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10 June 2021, Gateway House

U.S. Defense Budget: Mixed signals for the Indo-Pacific

On 28 May 2021, the Biden administration submitted a much-delayed Defense Budget to Congress, asking for $715 billion for 2022, a 1.6% increase over the previous year’s $703.7 billion. This marginal increase highlights the U.S.’s shrinking capacities compared with China, which spends less than a third of the U.S. on defence. This Budget is focussed on challenges in the U.S.’s geographic vicinity, not the administration’s resolve to counter the threat of China from a position of strength.

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The 2022, U.S. Defense Budget, if approved by Congress, will see $66 billion[1] (9.2% of the total budget) flow into the Indo-Pacific. This includes $ 5.1 billion for the Pacific Deterrence Initiative (PDI)[2].The latest request for PDI funding exceeds the European Deterrence Initiative (EDI) that has seen successive reduction from $ 6 billion in 2019 to the current request of $ 3.7 billion – a sign of growing defense expenditure by NATO and an increased U.S. focus on the Indo-Pacific.

The current budgetary request however, leaves more questions than answers regarding the U.S. capacity to challenge the pacing threat posed by China. For the last five years, with less than a third of the U.S. budgetary spending ($209 billion in 2021), China has built a significant military manufacturing industrial base – churning almost 20 major naval combatant platforms[3] and over 100 4th/5th generation fighter aircrafts every year– a sign of burgeoning Chinese shipbuilding capacities[4] and its scalability.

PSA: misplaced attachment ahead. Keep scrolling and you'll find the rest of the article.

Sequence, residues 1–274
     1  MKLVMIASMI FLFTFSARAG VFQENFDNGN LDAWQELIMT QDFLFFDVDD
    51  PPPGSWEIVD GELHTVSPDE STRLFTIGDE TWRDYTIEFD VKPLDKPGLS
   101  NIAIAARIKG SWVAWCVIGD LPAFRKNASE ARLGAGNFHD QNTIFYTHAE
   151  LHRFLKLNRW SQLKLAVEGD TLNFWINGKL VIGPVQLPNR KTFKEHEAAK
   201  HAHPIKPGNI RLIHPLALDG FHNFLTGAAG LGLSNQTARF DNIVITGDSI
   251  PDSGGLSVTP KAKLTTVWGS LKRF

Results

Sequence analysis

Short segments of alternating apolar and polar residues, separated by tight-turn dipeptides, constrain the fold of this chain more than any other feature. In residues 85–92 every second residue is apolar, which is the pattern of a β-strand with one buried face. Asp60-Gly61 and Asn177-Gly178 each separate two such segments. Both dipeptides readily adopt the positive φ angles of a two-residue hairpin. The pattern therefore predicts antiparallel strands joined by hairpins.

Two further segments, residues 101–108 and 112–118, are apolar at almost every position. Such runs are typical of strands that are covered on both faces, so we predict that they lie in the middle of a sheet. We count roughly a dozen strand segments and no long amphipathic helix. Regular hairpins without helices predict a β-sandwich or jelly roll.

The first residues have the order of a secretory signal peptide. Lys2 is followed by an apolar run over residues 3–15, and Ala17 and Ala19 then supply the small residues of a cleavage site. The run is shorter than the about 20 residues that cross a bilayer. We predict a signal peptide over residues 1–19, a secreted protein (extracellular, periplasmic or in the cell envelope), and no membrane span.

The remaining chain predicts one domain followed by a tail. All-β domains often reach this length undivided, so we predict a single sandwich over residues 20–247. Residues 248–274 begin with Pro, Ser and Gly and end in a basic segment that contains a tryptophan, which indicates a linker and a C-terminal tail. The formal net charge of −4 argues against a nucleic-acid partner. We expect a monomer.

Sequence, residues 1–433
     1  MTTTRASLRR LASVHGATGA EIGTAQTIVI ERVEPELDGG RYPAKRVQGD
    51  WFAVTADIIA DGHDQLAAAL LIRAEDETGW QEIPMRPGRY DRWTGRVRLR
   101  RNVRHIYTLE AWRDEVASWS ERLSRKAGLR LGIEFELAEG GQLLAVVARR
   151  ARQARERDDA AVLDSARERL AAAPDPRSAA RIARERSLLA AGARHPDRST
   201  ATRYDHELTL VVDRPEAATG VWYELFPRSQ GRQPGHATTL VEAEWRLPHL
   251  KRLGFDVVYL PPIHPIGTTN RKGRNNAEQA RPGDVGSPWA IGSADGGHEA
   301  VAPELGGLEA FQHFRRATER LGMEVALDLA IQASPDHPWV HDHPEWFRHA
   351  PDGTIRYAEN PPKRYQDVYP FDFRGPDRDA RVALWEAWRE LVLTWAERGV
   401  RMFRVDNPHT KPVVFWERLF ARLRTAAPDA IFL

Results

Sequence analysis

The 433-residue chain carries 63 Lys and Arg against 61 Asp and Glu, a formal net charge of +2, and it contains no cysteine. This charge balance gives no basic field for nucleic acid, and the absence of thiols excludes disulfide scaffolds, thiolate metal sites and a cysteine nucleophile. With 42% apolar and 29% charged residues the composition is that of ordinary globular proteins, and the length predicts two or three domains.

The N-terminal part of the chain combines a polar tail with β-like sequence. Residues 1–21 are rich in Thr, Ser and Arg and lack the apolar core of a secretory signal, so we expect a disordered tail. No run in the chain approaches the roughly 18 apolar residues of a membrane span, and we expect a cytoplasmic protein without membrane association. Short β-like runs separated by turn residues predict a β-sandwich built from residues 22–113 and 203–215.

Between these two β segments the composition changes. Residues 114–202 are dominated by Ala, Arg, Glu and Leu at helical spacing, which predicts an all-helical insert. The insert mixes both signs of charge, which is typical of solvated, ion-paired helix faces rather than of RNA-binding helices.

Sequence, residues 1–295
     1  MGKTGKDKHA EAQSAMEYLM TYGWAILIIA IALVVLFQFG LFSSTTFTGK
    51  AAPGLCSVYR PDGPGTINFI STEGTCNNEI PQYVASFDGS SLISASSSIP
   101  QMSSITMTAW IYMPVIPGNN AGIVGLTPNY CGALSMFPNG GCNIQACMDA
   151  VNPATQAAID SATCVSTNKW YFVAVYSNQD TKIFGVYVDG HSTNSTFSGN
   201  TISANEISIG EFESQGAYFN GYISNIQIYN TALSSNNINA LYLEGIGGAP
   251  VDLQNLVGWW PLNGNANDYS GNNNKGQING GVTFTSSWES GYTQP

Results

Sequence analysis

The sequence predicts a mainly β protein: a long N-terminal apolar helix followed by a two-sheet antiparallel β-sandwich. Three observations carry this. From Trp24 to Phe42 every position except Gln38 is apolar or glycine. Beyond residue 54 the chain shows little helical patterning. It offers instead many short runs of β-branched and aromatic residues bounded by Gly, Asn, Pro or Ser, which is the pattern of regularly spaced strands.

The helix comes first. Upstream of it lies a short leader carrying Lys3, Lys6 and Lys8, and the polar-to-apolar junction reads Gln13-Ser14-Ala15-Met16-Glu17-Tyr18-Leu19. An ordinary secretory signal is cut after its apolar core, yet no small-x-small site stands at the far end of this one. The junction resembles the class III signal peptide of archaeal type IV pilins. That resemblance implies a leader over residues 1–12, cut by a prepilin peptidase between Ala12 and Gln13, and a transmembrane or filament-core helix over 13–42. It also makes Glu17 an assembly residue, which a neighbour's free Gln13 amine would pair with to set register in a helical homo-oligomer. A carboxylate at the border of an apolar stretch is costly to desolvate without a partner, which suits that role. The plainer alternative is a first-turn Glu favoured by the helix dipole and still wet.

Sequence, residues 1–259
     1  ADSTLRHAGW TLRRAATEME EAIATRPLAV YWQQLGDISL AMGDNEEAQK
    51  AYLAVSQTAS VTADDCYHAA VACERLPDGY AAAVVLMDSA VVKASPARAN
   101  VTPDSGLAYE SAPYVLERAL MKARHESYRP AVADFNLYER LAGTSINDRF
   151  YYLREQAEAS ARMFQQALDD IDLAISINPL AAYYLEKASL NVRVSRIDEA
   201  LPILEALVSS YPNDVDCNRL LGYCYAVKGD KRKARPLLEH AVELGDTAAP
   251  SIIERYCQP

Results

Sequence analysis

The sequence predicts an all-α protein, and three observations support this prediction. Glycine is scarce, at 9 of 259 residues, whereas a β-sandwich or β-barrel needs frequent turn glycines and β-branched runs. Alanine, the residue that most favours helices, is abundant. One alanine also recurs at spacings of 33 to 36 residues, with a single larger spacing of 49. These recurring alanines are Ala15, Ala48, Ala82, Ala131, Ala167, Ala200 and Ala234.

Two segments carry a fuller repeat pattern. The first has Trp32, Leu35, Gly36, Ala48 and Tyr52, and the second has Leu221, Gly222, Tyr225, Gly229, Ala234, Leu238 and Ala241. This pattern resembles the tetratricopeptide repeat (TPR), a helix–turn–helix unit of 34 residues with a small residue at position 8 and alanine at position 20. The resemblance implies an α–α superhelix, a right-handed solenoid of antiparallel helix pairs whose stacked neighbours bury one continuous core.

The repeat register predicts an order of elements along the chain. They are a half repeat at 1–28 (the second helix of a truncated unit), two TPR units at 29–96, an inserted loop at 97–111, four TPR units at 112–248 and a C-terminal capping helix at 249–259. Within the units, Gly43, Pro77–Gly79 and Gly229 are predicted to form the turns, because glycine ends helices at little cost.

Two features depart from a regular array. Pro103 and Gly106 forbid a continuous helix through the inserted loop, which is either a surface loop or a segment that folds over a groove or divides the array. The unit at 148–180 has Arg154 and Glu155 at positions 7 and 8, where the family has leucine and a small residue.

The 2022 U.S. budget request, meanwhile has cut down the previous administration’s plans for building of 12 naval platforms to eight of which only four are combat platforms[5]. This downsizing puts the U.S. Navy’s target[6] of 355 battle force ships between FY31 and FY33 in jeopardy. With China focused on near-sea operations while the U.S. operating more than 800 overseas military bases[7], questions on strategic overreach[8] and prioritization are bound to echo until the next budget request and finalization of global force posture review[9]. With over 95% of the 2022 PDI budget earmarked for upgrading Joint Force Lethality, the Indo-Pacific region is likely to see enhanced U.S. capabilities this year that aim to bolster deterrence and competitive advantage with China.

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U.S. Defense Budget 2022

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[4]On 23 April this year, China commissioned three new ships on the same day – Type 094A ballistic missile submarine, Type 075 amphibious assault ship and Type 055 destroyer

[5]The U.S. Navy also has plans to retire 15 vessels, including four littoral combat ships, two submarines, seven cruisers, one dock landing ship, and a tug this fiscal.



[8]USS Ronald Reagan, whose home port is in Yokosuka, Japan will head to Afghanistan in the next few days to assist withdrawal of forces. While it is away, the U.S. Navy will go without an aircraft carrier presence in the Pacific region in spite of a sizeable fleet of 11 air craft carriers at its disposal